Worker Status Is No Way to Pad Your Bottom Line
Too often, employers attempt to reduce payroll costs (by avoiding payroll withholdings and contributions required for employees) by converting existing employees to independent contractor status or by having contractors perform work traditionally performed by employees. Such cost-reduction efforts can be costly in the long run, because erroneously characterizing a worker as an independent contractor can have serious economic consequences for employers.
Are Your Workers Employees or Independent Contractors?
Although all definitions agree an “employee” is someone who performs services for wages, it is difficult to distinguish an employee from other workers who provide services for money. One way is to look at the relationship between the worker and the organization.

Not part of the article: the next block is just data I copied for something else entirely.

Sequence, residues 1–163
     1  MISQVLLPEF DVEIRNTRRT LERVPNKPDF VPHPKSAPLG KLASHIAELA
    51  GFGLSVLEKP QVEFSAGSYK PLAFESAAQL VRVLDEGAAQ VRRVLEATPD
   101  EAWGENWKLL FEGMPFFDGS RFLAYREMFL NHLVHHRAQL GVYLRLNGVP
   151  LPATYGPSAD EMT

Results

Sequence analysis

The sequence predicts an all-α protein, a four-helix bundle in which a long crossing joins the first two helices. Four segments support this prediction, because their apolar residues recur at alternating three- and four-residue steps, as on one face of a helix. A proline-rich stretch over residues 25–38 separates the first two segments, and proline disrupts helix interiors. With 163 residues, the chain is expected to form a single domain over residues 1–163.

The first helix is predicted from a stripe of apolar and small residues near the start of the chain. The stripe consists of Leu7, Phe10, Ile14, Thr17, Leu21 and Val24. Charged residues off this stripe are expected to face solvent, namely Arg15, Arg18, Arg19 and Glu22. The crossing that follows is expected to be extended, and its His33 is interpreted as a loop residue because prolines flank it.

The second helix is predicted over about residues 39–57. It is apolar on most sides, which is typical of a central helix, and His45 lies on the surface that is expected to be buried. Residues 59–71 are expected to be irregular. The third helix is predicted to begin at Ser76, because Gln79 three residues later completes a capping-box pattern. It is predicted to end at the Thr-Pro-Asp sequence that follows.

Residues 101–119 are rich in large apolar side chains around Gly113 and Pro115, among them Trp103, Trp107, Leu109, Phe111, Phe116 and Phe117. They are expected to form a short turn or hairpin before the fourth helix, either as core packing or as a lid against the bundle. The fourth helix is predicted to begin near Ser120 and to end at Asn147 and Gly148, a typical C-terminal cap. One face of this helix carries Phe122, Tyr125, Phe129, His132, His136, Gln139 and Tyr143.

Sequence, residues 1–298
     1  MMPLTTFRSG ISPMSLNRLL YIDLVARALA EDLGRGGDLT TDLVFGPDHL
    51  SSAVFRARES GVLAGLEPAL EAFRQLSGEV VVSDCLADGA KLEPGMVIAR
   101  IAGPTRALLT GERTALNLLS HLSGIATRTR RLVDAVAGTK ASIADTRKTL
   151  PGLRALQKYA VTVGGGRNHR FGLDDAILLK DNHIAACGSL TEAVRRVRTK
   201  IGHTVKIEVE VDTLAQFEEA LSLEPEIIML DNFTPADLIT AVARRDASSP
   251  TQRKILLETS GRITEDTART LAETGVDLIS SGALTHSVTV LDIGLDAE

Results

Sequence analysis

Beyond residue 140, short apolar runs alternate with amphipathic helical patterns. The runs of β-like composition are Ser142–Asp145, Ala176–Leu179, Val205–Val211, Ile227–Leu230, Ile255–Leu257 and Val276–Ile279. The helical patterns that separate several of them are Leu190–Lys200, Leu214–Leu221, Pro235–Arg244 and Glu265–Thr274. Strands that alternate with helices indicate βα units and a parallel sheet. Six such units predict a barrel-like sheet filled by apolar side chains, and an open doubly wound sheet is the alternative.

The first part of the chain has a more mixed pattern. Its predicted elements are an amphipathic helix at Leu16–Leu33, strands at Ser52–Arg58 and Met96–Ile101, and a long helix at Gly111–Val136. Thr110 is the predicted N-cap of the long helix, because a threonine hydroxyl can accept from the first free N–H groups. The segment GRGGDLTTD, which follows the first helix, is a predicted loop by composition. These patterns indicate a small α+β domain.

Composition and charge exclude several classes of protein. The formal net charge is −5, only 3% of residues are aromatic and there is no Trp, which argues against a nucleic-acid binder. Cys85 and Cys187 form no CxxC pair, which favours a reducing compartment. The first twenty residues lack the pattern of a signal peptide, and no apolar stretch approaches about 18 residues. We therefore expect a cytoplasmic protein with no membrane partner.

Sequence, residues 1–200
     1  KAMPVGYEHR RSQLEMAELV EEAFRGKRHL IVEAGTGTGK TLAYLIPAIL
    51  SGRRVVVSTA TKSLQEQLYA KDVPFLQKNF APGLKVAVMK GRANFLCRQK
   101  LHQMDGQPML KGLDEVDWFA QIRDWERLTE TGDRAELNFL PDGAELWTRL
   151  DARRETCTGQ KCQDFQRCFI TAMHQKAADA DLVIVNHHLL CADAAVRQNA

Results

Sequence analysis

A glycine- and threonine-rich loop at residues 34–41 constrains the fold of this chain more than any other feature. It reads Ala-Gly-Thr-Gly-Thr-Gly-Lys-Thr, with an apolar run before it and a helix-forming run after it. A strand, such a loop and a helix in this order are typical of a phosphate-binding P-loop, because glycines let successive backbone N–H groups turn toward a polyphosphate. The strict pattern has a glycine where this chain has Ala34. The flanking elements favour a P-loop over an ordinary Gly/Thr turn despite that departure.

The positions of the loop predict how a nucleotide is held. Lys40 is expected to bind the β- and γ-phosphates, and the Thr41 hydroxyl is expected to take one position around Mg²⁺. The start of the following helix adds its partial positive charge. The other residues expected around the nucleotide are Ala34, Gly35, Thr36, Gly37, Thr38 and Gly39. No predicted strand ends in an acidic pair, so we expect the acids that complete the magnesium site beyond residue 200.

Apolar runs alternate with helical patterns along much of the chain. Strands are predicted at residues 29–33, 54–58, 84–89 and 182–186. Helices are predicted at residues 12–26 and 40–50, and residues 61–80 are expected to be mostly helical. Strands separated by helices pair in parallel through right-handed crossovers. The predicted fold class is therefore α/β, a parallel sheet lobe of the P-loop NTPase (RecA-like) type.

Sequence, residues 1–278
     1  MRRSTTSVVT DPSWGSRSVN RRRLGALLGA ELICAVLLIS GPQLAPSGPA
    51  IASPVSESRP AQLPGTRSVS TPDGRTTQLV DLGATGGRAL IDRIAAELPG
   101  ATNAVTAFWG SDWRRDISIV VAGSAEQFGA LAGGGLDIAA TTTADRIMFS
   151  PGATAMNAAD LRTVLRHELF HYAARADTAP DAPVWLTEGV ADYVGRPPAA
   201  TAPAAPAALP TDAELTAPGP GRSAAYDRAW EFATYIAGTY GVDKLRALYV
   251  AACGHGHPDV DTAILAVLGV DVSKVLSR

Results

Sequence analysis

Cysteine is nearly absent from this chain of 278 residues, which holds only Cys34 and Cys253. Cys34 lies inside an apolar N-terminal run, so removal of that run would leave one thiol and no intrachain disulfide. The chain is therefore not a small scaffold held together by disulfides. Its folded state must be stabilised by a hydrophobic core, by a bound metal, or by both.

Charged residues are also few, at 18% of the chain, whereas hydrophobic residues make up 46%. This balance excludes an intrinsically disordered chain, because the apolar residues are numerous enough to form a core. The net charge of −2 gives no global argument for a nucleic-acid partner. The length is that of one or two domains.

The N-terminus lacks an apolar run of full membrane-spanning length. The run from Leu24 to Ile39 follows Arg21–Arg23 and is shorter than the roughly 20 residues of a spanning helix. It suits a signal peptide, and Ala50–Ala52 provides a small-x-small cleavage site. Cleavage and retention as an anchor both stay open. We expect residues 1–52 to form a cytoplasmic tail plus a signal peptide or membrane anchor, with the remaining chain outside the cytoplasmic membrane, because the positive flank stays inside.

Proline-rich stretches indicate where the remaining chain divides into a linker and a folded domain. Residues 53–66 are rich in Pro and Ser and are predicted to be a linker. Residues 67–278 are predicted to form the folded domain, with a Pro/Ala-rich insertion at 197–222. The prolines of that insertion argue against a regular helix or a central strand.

An employer-employee relationship exists when the employer has the right to control and direct the worker as to the results to be accomplished and in the details and means by which the results are to be achieved. It is not necessary that the employer actually direct or control the manner in which the work is performed; it is sufficient if the employer has the right to exert such control.
In contrast, a typical independent contractor is a consultant who provides specified services for agreed-upon compensation for a limited period of time. While the company may specify the number, type and quality of services to be performed, and the results to be obtained, it has neither the right to control the manner in which the services are performed nor how the results are achieved. Commonly, independent contractors are service providers engaged in the pursuit of an independent trade or business (e.g., a plumber).
A test often used to decide a worker’s status is the Internal Revenue Service (IRS) “twenty-factors” test. Among other things, it involves determining whether